In the Eastern as in the Western Church mystical religion received at times heretical expressions. These trends begin with the Messalians (Syriac for "praying people") of the 4th century, who were accused of neglecting the sacraments for ceaseless prayer and of teaching a materialistic vision of God. Later mystics, both orthodox and suspect, have been accused of Messalianism. Other mystic sects grew up in Russia. The Dukhobors, who originated in the 18th century among the peasants, resemble the Quakers in their indifference to outer forms, standing for the final authority of the Inner Light. They were severely persecuted in Russia and migrated to Canada early in the 20th century. ( S.Sp./B.J.McG.) (see also Index: heresy)

iii) Western Catholic Christianity.

The founder of Latin Christian mysticism is Augustine, bishop of Hippo (354-430). In his Confessions Augustine mentions two experiences of "touching" or "attaining" God. Later, in the Literal Commentary on Genesis, he introduced a triple classification of visions--corporeal, spiritual (i.e., imaginative), and intellectual--that influenced later mystics for centuries. Although he was influenced by Neoplatonist philosophers such as Plotinus, Augustine did not speak of personal union with God in this life. His teaching, like that of the Eastern Fathers, emphasized the ecclesial context of Christian mysticism and the role of Christ as mediator in attaining deification, or the restoration of the image of the Trinity in the depths of the soul. The basic elements of Augustine's teaching on the vision of God, the relation of the active and contemplative lives, and the sacramental dimension of Christian mysticism were summarized by Pope Gregory I the Great in the 6th century and conveyed to the medieval West by many monastic authors. (see also Index: Roman Catholicism)

Two factors were important in the development of this classic Augustinian form of Western mysticism. The first was the translation of the writings of Pseudo-Dionysius the Areopagite and other Eastern mystics by the 9th-century thinker Johannes Scotus Erigena. In combining the Eastern and Western mystical traditions, Erigena created the earliest version of a highly speculative negative mysticism that was later often revived. The other new moment began in the 12th century when new forms of religious life burst on the scene, especially among monks and those priests who endeavoured to live like monks (the canons). The major schools of 12th-century mysticism were inspired by new trends in monastic piety, especially those introduced by Anselm of Canterbury, but they developed these in a systematic fashion unknown to previous centuries. The great figures of the era, especially Bernard of Clairvaux among the Cistercians and Richard of Saint-Victor among the canons, have remained the supreme teachers of mystical theology in Catholic Christianity, along with the Spanish mystics of the 16th century. (see also Index: mysticism)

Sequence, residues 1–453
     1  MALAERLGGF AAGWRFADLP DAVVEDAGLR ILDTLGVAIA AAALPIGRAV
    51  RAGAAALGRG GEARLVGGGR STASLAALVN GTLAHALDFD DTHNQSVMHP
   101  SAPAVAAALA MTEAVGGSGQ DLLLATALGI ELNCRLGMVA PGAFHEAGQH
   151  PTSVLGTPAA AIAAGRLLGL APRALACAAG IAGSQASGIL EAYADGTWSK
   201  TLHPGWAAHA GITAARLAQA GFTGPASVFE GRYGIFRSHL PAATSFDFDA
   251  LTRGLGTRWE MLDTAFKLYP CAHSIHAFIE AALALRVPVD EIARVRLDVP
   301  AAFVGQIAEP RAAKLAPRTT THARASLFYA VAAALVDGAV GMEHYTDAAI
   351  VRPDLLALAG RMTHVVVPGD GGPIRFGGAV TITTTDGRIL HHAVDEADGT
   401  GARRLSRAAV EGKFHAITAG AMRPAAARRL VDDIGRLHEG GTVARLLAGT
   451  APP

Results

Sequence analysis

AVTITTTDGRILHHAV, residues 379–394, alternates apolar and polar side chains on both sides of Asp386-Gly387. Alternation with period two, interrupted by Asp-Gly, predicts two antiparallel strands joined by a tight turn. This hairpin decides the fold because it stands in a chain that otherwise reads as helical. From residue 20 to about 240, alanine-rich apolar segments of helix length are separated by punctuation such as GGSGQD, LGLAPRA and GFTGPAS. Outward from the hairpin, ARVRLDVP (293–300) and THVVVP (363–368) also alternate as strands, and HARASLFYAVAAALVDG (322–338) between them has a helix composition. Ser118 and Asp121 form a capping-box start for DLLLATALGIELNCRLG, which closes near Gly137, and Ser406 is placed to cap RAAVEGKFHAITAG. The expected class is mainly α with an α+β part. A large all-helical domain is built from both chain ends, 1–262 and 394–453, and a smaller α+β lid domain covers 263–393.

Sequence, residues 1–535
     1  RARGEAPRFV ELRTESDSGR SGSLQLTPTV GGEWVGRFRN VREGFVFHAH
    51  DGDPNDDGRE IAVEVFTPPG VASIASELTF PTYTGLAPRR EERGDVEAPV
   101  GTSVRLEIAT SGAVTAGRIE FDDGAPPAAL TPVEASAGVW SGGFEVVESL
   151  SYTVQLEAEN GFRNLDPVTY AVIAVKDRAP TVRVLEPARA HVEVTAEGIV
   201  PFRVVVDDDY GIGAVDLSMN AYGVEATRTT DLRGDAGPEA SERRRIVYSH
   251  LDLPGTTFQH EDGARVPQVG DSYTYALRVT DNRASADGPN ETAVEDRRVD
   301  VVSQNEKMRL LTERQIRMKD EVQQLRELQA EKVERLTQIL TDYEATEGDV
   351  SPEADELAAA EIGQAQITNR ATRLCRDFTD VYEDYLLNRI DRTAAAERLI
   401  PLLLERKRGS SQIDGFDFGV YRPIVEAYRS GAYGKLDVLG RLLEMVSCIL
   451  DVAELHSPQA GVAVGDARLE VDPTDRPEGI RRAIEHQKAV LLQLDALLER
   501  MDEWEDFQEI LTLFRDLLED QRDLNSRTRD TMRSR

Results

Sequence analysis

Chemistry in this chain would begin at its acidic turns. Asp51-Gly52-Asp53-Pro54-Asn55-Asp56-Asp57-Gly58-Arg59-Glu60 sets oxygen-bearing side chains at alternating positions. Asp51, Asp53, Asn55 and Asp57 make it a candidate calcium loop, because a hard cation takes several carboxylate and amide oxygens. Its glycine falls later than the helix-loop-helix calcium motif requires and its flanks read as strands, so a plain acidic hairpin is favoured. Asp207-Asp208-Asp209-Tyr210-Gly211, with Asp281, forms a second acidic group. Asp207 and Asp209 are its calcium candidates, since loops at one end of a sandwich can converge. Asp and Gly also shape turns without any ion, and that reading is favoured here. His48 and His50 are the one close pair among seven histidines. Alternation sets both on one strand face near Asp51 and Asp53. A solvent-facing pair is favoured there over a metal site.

What the Cistercian and Victorine authors contributed to the development of Catholic mysticism was, first, a detailed study of the stages of the ascent of the soul to God on the basis of a profound understanding of the human being as the image and likeness of God (Genesis 1:26) and, second, a new emphasis on the role of love as the power that unites the soul to God. Building on both Origen and Augustine, Bernard and his contemporaries made affective, or marital, union with God in oneness of spirit (1 Corinthians 6:17) a central theme in Western mysticism, though along with Gregory the Great they insisted that "love itself is a form of knowing," that is, of vision or contemplation of God.

The great mystics of the 12th century contributed to an important expansion of mysticism in the following century. For the first time mysticism passed beyond the confines of the monastic life, male writers, and the Latin language. This major shift is evident not only in the life of Francis of Assisi, who emphasized the practical following of Jesus and came to be identified with him in a new form of Christ-mysticism, manifested in his reception of the stigmata, or wounds of the crucified Christ, but also in the remarkable proliferation of new forms of religious life and mystical writing in the vernacular on the part of women. Though female mystics such as Hildegard von Bingen were not unknown in the 12th century, the 13th century witnessed a flowering of interest in mysticism among women, evident in the Flemish Hadewijch of Brabant, the German Mechthild von Magdeburg, the French Marguerite Porete, and the Italians Clare of Assisi and Àngela da Foligno.